The methods adopted by the missionaries in the conversion of the pagans in Mindano are made clear in a report by Father Juan Ricart, S. J., to the Governor General of the Philippine Islands.[39] The following extracts are pertinent:

[39] Ibid., 11, appendix.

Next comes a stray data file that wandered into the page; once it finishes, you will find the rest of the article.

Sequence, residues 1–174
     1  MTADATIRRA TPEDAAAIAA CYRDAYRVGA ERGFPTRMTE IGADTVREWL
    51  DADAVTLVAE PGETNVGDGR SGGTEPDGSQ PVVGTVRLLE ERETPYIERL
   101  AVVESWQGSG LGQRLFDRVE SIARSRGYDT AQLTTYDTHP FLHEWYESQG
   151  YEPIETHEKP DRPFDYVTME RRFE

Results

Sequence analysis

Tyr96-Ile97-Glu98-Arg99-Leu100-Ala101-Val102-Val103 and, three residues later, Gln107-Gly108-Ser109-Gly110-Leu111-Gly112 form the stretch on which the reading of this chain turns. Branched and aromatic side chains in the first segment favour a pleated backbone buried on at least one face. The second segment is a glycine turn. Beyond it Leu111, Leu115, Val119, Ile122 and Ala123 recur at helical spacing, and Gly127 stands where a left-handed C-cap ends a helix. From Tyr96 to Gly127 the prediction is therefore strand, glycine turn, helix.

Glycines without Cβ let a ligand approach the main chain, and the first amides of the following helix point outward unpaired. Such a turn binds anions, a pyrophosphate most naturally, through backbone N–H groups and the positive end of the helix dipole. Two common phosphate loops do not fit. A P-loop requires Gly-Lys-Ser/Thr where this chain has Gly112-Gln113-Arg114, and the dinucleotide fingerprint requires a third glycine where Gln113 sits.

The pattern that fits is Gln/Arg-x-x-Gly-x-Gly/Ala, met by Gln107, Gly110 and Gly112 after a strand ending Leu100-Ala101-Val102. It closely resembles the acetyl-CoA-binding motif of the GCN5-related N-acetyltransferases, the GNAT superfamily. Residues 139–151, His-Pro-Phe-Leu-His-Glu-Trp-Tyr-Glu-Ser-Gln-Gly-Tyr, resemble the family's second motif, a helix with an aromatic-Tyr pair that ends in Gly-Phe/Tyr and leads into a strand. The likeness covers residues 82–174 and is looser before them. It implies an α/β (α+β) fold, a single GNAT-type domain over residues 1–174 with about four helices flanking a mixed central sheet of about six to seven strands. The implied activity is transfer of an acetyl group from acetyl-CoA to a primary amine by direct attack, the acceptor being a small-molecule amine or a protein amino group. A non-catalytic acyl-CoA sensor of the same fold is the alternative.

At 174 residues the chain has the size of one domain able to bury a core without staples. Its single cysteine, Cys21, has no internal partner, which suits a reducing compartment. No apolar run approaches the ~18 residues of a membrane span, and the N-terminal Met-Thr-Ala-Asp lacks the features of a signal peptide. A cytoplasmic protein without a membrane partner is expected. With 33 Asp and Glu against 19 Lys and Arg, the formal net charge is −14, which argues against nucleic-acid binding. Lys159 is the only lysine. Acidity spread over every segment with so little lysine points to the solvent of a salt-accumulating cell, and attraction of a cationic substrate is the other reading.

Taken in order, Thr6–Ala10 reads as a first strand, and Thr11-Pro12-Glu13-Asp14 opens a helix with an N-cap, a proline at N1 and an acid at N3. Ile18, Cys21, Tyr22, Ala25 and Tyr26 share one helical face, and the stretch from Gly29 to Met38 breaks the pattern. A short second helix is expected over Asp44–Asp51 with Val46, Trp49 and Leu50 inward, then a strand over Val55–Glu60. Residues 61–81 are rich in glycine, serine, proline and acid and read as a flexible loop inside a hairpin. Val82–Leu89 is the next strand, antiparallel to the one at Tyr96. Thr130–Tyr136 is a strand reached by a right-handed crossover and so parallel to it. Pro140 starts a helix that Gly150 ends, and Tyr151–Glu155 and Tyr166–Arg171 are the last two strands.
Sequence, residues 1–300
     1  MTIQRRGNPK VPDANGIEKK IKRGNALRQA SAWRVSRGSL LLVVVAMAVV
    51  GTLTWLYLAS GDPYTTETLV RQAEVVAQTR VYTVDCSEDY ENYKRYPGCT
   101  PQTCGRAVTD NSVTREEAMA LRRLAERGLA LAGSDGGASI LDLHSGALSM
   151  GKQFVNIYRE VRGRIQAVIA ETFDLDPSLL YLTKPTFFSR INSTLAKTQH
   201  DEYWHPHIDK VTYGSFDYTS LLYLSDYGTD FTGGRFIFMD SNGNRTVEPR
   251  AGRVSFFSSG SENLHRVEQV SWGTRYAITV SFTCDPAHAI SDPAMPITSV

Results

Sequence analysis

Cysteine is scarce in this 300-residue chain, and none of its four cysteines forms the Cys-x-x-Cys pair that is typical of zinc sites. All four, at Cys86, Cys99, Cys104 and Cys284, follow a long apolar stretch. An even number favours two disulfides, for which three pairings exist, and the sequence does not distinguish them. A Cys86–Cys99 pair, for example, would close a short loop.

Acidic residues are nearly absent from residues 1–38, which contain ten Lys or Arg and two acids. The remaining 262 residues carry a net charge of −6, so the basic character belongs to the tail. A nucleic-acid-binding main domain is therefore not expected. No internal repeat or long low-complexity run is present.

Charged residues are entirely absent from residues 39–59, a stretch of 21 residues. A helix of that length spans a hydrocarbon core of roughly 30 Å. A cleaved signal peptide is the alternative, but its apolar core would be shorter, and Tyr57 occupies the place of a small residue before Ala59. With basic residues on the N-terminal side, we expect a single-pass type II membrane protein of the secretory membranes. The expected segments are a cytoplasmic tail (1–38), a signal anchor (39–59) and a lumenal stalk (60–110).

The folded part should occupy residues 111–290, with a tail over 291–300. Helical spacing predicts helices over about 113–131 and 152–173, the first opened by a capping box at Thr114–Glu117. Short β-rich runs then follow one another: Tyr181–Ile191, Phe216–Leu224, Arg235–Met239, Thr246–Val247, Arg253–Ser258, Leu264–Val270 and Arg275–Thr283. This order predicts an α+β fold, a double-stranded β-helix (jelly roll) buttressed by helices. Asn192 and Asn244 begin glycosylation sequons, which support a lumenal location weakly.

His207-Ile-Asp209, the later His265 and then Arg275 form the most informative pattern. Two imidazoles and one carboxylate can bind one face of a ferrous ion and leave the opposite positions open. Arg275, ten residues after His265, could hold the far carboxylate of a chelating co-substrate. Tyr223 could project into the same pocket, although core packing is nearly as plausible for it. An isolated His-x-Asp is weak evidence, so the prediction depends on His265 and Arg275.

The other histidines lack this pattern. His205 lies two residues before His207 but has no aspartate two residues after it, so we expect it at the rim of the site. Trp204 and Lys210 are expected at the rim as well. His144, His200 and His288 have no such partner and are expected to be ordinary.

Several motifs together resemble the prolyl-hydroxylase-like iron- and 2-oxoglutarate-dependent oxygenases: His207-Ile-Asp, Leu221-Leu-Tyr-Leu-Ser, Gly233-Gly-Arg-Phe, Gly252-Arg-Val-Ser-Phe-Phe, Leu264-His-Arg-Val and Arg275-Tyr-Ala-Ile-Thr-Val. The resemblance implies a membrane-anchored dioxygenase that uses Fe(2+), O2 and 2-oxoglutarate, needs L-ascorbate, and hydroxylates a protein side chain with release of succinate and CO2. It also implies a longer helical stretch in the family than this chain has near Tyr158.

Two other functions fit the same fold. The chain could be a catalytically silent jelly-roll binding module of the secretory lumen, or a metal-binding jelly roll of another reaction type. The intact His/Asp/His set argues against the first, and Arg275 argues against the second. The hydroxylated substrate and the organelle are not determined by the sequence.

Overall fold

The first thing that the missionaries seek to attain before penetrating the territory occupied by these pagans is a knowledge of the various races or tribes dwelling therein, of their customs and superstitions, of their feuds and wars, who are their enemies and their allies, respectively, the names of the principal chiefs, their traits of character, and finally their particular dialect as far as it may be possible to acquire it. Then they dispatch selected and trustworthy emissaries, preferably inhabitants of the Christian towns who have commercial dealings with the pagans, bidding them announce the intended visit of the missionary. On the appointed day, the missionary, armed with meekness and condescension, presents himself, speaking to them with dignity and authority. He tells them that he is their friend, that he wishes them well, that he has known of such-and-such misfortunes that have befallen them, and that in pity he comes to succor them. He invokes the name of the king and of the governor of the district, whose power they had learned to fear and respect through their dealings with the Christians. He reminds them of some wrong that either they or their neighbors had committed on the Christians, for it is seldom that they are not guilty of some fault or other, and intimates to them that it is the intention of the governor to send soldiers to punish them for their conduct. He (the missionary), however, has interceded with the governor on their behalf and has received a promise from him that he will not only pardon their fault but that he will take them under his protection and defend them against their enemies. He (the missionary) goes on to explain the advantages of civilized life, and the mildness of Spanish rule, as far as their limited understanding can grasp. He undoes their suspicions, forestalls their misgivings, and overcomes their fears; and by means of presents and kind words, especially to the little ones, he strives to soften their hearts. These interviews and lengthy discussions are repeated as often as it is opportune or necessary, every effort being made in the meanwhile to convince and gain over the chiefs and elders, a result that will be attained all the more quickly if he succeeds in settling their differences, in bringing about peace with some more redoubtable enemy, or in helping them in the attainment of any proper object that they may have in view. All this does not take place without great long-suffering and bitterness on the part of the missionary. Having decided on a site that is to their own liking and even according to their superstitions, though sometimes it be not best adapted for the purpose, a day is selected for the clearing, a plaza[40] and streets are plotted out, and then the erection of the tribunal and of the private dwellings begins.